Bumblebees are vanishing from their traditional range, largely because of climate change, according to a new study that published July 9 in the journal Science. Though populations are disappearing from the hottest regions they inhabit, they are not spreading north to make up for lost ground, the study found. And unlike honeybees, which are declining in part because of widespread use of certain types of insecticides, land use and pesticide use didn't seem to play a big role in the bumblebee disappearance from southern locales. (Read the full story on the pollinators' decline)
Pollinators at risk
Bumblebees evolved about 35 million years ago in cooler climates. The buzzing insects are the superstars of the pollinator world, working harder, longer and on a broader variety of species than other bee species. Here, a red-bellied bumblebee cozies up to a lupine. Its body is covered in pollen, which it will spread to other flowers, thereby helping the lupine plant complete its reproductive cycle. (Credit: Jeremy T. Kerr.)
In the new study, researchers found that bumblebee populations have disappeared from its historic southern edges but have not colonized northern areas that have warmed. The trend tracked with human-caused climate change, but was not caused by exposure to pesticides or land-use practices. (Credit: Ann Sanderson, Sheila Coila.)
The reason for the decline in hotter areas is clear: the bumblebees did not evolve to tolerate extreme heat, and simply die off during hot weather. Here, a red-tailed bumblebee dines on garden plants in the United Kingdom. (Credit: Jeremy T. Kerr.)
Moving on up
The study also found that bees are moving up mountainsides, residing at higher altitudes than they previously had. Once again, global warming may be the culprit here, as temperatures drop as elevation increases. (Credit: Ann Sanderson, Sheila Coila.)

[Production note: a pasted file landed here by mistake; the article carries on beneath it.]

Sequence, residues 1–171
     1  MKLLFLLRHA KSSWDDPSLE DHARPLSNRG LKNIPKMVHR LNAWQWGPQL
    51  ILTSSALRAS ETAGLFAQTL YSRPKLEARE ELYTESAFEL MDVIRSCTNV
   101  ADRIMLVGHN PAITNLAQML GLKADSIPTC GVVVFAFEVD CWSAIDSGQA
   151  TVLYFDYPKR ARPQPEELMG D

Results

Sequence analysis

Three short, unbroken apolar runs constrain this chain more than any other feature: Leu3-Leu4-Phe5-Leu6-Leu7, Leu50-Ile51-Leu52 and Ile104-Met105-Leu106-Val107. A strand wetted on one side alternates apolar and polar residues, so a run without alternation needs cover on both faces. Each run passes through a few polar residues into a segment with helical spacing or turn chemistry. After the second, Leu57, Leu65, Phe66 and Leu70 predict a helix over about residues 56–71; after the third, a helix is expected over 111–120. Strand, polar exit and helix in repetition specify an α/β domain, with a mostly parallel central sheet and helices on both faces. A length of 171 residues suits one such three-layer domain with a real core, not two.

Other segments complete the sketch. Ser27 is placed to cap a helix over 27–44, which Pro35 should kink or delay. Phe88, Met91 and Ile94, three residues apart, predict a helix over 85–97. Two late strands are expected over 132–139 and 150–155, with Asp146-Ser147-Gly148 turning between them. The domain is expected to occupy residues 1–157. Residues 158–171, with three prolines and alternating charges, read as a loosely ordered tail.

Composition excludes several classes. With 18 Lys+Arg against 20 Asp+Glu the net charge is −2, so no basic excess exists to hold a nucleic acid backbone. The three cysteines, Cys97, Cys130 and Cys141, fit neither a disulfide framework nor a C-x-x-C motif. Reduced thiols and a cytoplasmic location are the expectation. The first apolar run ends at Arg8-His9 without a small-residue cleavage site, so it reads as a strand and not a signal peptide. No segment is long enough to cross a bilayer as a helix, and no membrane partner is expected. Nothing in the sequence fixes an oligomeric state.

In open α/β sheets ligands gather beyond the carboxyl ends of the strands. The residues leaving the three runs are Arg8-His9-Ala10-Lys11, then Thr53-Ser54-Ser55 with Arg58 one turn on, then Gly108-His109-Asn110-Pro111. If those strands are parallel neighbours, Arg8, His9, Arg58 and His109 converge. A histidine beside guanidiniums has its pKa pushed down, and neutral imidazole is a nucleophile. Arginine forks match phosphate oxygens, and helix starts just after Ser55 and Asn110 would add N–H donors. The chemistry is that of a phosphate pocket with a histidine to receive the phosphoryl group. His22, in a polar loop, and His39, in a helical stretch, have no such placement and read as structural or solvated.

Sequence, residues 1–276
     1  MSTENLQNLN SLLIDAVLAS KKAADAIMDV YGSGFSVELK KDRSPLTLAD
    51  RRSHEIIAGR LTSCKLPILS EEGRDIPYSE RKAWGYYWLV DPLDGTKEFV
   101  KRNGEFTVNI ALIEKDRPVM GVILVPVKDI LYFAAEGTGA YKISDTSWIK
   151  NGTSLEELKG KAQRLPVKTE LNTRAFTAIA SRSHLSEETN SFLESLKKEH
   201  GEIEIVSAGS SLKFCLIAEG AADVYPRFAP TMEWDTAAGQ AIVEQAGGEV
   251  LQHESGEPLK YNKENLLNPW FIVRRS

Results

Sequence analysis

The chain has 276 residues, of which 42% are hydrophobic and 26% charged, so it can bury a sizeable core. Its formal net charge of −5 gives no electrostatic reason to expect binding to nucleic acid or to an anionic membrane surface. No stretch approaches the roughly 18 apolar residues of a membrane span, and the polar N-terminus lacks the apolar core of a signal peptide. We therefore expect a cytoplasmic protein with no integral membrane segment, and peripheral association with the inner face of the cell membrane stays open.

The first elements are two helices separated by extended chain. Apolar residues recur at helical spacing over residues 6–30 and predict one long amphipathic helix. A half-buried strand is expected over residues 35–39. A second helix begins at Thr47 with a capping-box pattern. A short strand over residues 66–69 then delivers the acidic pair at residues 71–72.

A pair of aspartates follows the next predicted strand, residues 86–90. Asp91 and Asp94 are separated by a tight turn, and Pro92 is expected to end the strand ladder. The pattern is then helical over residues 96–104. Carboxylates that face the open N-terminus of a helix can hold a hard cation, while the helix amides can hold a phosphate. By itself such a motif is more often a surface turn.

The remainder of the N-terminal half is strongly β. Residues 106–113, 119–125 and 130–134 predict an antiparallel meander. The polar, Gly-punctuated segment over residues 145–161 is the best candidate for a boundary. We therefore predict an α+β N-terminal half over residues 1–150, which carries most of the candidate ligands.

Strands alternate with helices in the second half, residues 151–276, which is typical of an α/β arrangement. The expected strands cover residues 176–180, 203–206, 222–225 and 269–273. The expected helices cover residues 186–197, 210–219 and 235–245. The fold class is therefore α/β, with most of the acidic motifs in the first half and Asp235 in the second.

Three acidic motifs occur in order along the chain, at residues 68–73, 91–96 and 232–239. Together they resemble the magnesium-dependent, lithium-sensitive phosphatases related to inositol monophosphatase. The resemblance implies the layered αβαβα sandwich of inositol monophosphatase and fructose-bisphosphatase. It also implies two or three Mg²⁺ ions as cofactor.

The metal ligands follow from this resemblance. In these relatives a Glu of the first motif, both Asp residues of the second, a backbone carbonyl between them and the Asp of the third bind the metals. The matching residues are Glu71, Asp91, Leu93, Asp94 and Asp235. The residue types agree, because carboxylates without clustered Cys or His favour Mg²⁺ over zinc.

Here, a red-tailed bumblebee from Denmark dips its nose into a flower. Bumblebees aren't the only pollinators in the insect world; about 20,000 other bee species also play a critical role. But many of those bees pollinate just two or three plants, or are active for just a few weeks of the growing season, researchers said. (Credit: Jeremy T. Kerr.)
Here, a buff-tailed bumblebee is sipping nectar from a catmint flower in Nottingham, United Kingdom. The buff-tailed bumblebee will then move on to other flowers, spreading the plants pollen as it goes. (Credit: Jeremy T. Kerr.)
The buff-tailed bumblebes, like the one shown here, is one species of bee that is doing just fine despite global warming. The hardy, weedy species, called the dandelion of the bumblebee world, seems to be able to adapt to new areas fairly quickly because it lives in large colonies. That, in turn, may help the bees quickly establish new populations in new habitats, researchers speculate. (Credit: Jeremy T. Kerr.)
Live Science newsletter
Stay up to date on the latest science news by signing up for our Essentials newsletter.
Tia is the managing editor and was previously a senior writer for Live Science. Her work has appeared in Scientific American, Wired.com and other outlets. She holds a master's degree in bioengineering from the University of Washington, a graduate certificate in science writing from UC Santa Cruz and a bachelor's degree in mechanical engineering from the University of Texas at Austin. Tia was part of a team at the Milwaukee Journal Sentinel that published the Empty Cradles series on preterm births, which won multiple awards, including the 2012 Casey Medal for Meritorious Journalism.